E-commerce, the grey market, clubs for pre-owned watches and rentals, and millennials or Gen Z who prefer smartwatches or no watch at all — it is interesting to note how the Swiss luxury brands are navigating this watchscape. Some, like Montblanc, introduced their own smartwatch (the Summit collection), while Vacheron Constantin is using blockchain technology to authenticate timepieces. And then you have Jaeger-LeCoultre, or La Grande Maison, which lets the art of precision do the talking. “The watchmaking industry has become quite competitive and a rather noisy space, yet with a meaningful and crystalline voice, we are able to anticipate challenges and transform them into opportunities,” begins Catherine Rénier, the Frenchwoman who took over as the company’s CEO a year ago. She says she relies on the iconic product lines, “the inimitable Reverso collection, the classic Master line and the contemporary Polaris… to [be the] very fiber of our armour to keep a strong front”.
One year later
In her early 40s, Rénier, like fellow CEO Chabi Nouri at Piaget, was one of the several young bosses that parent company Richemont Group introduced recently, in a possible attempt to survive in a changing marketplace. Earlier this year in a New York Times article, it was observed that her appointment as CEO may be “seen as a tipping point for gender equality in the Swiss watch industry”. Rénier, who began her career at Cartier, another Richemont brand, had then expressed her views on gender diversity and building a harmony between male and female communication and products. Would she agree that both her appointment and Chabi Nouri’s at Piaget is a sign of things to come in this industry? My question goes unanswered.
8: Last month, JLC offered an 8-year warranty on their watches, one of the longest warranties among major brands180: Number of skills (with enamellers, engravers and other craftsmen) brought together during the brand’s 186 years of history.1250: The number of calibers invented since the foundation of the Manufacture.101: Originally derived from the Duoplan caliber series, the Caliber 101 has remained the smallest mechanical caliber in the world ever since it was first created in 1929.25000: The Jaeger-LeCoultre Manufacture covers an area of 25,000 sq m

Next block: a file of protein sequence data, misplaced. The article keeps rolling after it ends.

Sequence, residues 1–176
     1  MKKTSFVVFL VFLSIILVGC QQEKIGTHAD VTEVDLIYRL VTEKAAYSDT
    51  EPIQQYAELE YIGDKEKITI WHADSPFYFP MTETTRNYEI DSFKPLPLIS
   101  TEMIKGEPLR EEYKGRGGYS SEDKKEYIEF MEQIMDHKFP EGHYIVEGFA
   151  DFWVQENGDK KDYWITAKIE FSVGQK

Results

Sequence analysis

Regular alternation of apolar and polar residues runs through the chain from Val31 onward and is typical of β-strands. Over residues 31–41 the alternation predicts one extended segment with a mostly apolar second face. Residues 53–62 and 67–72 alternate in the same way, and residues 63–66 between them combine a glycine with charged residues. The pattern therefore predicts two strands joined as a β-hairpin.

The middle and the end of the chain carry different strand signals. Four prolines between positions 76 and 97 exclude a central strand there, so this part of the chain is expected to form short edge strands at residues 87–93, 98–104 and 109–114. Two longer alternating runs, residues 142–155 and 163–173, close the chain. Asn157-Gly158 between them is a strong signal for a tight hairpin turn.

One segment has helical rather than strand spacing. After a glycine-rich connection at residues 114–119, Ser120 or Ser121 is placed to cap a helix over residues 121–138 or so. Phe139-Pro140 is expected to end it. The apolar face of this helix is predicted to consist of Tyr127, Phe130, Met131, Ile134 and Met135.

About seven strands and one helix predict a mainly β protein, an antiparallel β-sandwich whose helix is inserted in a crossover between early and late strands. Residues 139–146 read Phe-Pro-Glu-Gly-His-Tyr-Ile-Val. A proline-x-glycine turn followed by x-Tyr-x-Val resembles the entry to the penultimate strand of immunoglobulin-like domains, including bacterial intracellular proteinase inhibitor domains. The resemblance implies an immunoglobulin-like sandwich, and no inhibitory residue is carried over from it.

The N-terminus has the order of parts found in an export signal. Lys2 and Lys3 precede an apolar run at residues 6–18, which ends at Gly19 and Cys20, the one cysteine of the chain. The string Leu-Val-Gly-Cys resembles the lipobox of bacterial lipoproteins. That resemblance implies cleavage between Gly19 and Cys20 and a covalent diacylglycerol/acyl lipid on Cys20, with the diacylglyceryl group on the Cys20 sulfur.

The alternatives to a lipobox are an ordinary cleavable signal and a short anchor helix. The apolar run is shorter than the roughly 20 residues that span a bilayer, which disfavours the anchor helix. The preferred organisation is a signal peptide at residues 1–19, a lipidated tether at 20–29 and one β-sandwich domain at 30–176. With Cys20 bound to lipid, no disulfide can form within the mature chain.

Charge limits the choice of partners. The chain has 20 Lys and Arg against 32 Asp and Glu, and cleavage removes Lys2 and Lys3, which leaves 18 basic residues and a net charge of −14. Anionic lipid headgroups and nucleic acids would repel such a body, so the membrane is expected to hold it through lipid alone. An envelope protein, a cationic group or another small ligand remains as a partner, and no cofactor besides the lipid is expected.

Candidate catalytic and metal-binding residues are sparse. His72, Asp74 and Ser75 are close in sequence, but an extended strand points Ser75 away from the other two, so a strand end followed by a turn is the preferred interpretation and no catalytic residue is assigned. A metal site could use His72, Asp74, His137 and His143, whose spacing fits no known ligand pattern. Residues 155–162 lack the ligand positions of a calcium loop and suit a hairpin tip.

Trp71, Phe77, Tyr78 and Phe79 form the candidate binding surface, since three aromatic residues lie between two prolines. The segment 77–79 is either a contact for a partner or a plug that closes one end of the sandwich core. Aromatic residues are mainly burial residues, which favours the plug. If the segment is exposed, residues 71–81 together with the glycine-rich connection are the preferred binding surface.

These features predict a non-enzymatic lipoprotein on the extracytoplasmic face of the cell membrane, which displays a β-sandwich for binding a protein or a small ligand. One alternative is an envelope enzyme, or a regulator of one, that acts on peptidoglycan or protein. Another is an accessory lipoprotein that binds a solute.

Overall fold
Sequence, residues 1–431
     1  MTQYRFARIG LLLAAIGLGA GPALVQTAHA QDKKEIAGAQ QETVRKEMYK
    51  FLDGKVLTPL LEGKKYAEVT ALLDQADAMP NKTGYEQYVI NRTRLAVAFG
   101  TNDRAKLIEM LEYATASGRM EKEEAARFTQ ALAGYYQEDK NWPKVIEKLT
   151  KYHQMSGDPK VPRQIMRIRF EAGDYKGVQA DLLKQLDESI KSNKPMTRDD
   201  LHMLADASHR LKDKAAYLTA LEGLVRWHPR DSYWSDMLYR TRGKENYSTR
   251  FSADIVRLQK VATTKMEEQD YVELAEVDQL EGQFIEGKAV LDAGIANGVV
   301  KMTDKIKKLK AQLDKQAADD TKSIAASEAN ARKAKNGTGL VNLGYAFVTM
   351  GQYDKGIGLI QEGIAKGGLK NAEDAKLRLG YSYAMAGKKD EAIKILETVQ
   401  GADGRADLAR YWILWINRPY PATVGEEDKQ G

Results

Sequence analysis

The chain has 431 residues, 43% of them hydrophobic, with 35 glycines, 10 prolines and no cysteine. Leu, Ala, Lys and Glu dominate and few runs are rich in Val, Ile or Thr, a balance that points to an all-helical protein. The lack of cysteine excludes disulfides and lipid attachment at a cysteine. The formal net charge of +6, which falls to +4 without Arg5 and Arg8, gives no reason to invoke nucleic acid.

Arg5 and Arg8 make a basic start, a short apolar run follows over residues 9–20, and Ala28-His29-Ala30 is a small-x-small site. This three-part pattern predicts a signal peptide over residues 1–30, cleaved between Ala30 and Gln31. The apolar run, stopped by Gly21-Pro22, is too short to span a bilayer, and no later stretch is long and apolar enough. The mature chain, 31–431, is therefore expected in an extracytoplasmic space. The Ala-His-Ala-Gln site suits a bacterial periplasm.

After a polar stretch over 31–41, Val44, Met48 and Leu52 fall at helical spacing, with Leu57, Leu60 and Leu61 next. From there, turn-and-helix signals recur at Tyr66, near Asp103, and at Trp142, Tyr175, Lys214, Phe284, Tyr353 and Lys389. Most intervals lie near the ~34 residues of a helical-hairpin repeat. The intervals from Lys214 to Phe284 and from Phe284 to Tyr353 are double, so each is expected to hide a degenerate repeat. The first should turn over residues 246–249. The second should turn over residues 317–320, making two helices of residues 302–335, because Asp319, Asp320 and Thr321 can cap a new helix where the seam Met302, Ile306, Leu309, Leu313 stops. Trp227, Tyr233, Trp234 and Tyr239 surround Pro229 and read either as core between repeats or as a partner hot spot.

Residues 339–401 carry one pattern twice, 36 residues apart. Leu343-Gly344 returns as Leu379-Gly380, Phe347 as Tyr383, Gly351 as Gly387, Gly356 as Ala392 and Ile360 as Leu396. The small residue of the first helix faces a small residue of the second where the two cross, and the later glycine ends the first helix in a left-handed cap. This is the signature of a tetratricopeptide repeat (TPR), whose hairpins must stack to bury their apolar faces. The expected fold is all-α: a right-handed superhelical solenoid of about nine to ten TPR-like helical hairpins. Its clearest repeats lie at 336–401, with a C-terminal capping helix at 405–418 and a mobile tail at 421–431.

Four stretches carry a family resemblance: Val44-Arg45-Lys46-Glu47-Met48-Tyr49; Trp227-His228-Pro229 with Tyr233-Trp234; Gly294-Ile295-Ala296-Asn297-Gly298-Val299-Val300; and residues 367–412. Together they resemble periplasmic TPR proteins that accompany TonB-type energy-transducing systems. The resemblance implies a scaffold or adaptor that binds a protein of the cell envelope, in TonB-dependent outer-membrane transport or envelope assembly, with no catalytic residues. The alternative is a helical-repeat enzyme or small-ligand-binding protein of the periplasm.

In interviews to digital magazines, Rénier has said her alternative career would have been as a history or geography teacher. At the JLC manufacture in Le Sentier in the Vallée de Joux, Switzerland, when she walks guests through the expansive facility in video interviews, she refers to their innovation and expertise in Métiers Rares (gem-setting, guillochage, engraving and enamelling). With 180 specialist skills, nearly 1,250 calibres, and 400 patents, this brand has so much to brag about, on social media for a younger audience… and yet there is a certain reticence. Is she working to change that, I ask. “Our strategy is authenticity… This speaks perfectly to all fine watchmaking enthusiasts. Trying to guess what the new generation exactly wants is not our expertise. Our expertise is to make beautiful, technical watches – the way we have always done…” she responds.
Kyoto 2019, MASTER, grande tradition répétition minute quantième perpétuel_Q52334E1 QP, RM, GT
This brings us to the impressive fifth Gyrotourbillon from the brand, presented earlier this year as part of the SIHH 2019 collection. The new Master Grande Tradition Gyrotourbillon Westminster Perpétuel reportedly took six years in the making. “The specificity of this new model is the association of three complications: the Gyrotourbillon, the perpetual calendar and the minute repeater. The Gyrotourbillon is driven by a constant force mechanism and delivers a constant flow of energy throughout the 52-hour power reserve of the watch,” she explains. While it is one of the few masculine pieces to be launched this year, Rénier says she will maintain the balance between men’s and ladies’ watches, as is tradition. Rénier recently introduced a Care program for intuitive after sales service, and the company organises master classes in China and Japan, where participants are taught to take apart and reassemble a mechanical movement. “We would like them to experience the passion of our watchmakers…and understand the complexity and dexterity needed to assemble a mechanical timepiece,” she says.